Why Does Left-Handedness Exist?

Posted by | March 6, 2011 19:46 | Filed under: Top Stories

I’m left-handed. So are four out of our last five, and five of our last seven, presidents ( exceptions being Jimmy Carter and George W. Bush). In the olden days teachers would hit left-handed students’ hands with rulers to force them to switch. Left-handedness is no longer stigmatized, but not fully understood. Ten percent of children are born this way.

“This is really still mysterious,” said Clyde Francks, the lead author of a 2007 study in which Oxford University researchers identified a genetic variant linked to left-handedness.

Hand asymmetry (whether left or right) is related to brain asymmetry. And that, Dr. Francks said, “is not at all understood; we’re really at the very beginning of understanding what makes the brain asymmetrical and what goes wrong — we don’t understand that process in the normal case.”

Though brain asymmetries exist in our closest primate relatives, there seems to be general consensus that the human brain is more profoundly asymmetric, and that understanding that asymmetry will show us much about who we are and how our brains work.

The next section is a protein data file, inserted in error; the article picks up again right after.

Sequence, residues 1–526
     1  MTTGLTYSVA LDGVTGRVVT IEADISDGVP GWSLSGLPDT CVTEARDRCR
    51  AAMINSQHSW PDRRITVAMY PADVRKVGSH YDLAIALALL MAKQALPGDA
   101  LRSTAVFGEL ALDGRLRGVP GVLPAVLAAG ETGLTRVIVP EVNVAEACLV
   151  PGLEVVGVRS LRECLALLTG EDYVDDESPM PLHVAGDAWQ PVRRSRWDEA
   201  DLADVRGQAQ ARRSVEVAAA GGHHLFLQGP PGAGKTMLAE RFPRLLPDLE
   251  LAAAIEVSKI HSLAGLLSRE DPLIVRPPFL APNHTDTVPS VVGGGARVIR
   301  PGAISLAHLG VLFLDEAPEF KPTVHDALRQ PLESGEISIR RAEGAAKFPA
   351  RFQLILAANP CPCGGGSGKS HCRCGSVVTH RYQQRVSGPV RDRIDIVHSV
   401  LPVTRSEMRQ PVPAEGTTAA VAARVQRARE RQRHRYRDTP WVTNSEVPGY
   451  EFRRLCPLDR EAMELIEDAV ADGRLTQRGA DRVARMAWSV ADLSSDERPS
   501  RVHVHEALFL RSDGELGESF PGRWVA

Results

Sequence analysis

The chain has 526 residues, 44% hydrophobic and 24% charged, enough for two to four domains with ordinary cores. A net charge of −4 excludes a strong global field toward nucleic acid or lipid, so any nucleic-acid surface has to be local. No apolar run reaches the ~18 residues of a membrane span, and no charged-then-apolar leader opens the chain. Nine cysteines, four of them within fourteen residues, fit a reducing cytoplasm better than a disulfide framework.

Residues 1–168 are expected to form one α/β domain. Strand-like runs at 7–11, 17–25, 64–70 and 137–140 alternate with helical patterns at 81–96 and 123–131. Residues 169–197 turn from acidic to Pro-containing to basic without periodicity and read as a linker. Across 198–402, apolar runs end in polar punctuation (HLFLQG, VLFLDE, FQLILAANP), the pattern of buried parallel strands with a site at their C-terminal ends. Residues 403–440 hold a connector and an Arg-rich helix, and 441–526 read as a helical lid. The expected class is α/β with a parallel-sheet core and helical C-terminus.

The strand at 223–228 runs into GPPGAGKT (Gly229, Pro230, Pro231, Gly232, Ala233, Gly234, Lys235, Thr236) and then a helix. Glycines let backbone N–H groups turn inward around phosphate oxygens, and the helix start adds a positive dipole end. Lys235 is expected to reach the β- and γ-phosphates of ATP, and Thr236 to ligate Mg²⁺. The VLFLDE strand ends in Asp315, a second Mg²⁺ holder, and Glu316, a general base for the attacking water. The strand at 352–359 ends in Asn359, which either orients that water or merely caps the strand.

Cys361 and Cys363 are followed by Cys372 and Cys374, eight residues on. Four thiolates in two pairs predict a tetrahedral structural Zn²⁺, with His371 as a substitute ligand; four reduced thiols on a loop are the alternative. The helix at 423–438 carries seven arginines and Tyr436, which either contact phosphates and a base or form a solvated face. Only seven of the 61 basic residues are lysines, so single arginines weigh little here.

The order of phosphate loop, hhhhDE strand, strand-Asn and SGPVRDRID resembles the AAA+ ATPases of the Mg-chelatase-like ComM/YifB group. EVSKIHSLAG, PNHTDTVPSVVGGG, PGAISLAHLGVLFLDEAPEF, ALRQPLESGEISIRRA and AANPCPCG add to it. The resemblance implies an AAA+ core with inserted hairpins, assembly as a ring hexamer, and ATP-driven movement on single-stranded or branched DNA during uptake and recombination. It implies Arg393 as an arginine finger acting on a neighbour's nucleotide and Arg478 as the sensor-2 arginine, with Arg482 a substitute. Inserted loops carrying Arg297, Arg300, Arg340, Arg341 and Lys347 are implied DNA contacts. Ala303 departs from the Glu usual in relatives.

Left-handedness has been associated with dyslexia and schizophrenia. but it is also associated with certain people who are known for special talents, as NYU’s Dr. Perri Klass, a pediatrician,  points out:

So I won’t cite the numbers sometimes quoted about how many architects are left-handed, or how many M.I.T. professors. On the other hand (so to speak), at a moment when we can finally hope for an end to winter, maybe we should celebrate the left-handers whose greatness truly lies in the ways they integrate motor control, strength and the highest kinds of skill and intelligence. Warren Spahn, Sandy Koufax, Whitey Ford, anyone? C. C. Sabathia, Jon Lester, Cliff Lee?

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Copyright 2011 Liberaland
By: Alan

Alan Colmes is the publisher of Liberaland.

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